Dodd said the “most important trait” in a good debt collector is the ability to be a good listener.
“You have to try to have two-way communication,” he said. “Then you can come up with a solution that will help everybody.”
‘A perfect storm’
In Maine, the majority of companies licensed to collect consumer debt are from out of state, and sometimes even out of the country, in places such as India and the Philippines.
But no matter where the calls and letters originate, they still need to follow Maine and federal debt collection guidelines.
Debt collectors are prohibited from calling at “unusual” hours, such as before 8 a.m. or after 9 p.m., and cannot make empty threats of legal action against a debtor. They are forbidden to call neighbors to discuss the debt, although they are allowed to call once to inquire about the debtor’s whereabouts.
Maine officials take debt collection laws seriously.
That’s a good thing, because something else on the rise is the intensity of consumer complaints about bill collectors.
“It is a very scary time,” Lund said. “To some extent, there is a perfect storm of events coming together. We see this in our dealings with consumers every day.”
He said the complaints he hears follow a sad pattern.
“The consumer says things are going along fine. We had a mortgage, we had car payments, and then fill in the blank: ‘My husband got sick. I lost my job,’” Lund said.
Lots of people could benefit by others’ experiences, he said.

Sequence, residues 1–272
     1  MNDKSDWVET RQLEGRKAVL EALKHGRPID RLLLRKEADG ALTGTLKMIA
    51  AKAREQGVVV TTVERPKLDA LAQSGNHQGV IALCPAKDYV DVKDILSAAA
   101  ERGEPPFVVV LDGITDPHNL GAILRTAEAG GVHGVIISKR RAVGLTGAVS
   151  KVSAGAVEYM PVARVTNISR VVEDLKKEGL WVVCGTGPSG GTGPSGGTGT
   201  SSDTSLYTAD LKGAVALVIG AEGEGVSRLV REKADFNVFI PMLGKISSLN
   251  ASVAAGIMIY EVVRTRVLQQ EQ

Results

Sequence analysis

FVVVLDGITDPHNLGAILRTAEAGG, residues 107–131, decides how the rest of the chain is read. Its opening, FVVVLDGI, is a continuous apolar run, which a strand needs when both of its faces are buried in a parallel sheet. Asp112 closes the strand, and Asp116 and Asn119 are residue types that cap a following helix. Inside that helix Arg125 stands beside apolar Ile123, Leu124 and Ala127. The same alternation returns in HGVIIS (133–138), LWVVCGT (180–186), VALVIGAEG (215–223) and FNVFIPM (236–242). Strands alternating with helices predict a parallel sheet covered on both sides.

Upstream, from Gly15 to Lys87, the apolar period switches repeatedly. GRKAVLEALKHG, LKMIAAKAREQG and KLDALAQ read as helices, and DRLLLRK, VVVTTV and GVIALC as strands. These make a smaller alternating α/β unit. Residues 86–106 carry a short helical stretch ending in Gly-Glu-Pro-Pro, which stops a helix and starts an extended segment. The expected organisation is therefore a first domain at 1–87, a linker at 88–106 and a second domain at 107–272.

“Should every Mainer be concerned? Absolutely,” Lund said. “Ask what if your employment was interrupted for one month or two months. What would happen? When you’re at the edge, that’s when problems arise.”
All those sad stories can take a toll on staffers at the Maine Bureau of Consumer Credit Protection, who are affected by something akin to post-traumatic stress disorder, Lund said.
“We do what we can,” he said. “If you deal with 10 consumers in a row for a couple of hours, each has different stories.”
He and his staff can inform callers of their rights and refer them to credit counseling services. But Lund, a lawyer who was appointed to his position in 1987 by Gov. John McKernan, would like to minimize the number of people struggling with credit problems in the first place.
“I take offense sometimes when I hear of financial literacy programs,” Lund said. “If creditors had anything to do with the writing of these educational programs, it always has to do with the ‘wise use of credit.’ As opposed to what I think should be the first chapter, which is that you can save money and pay in cash.”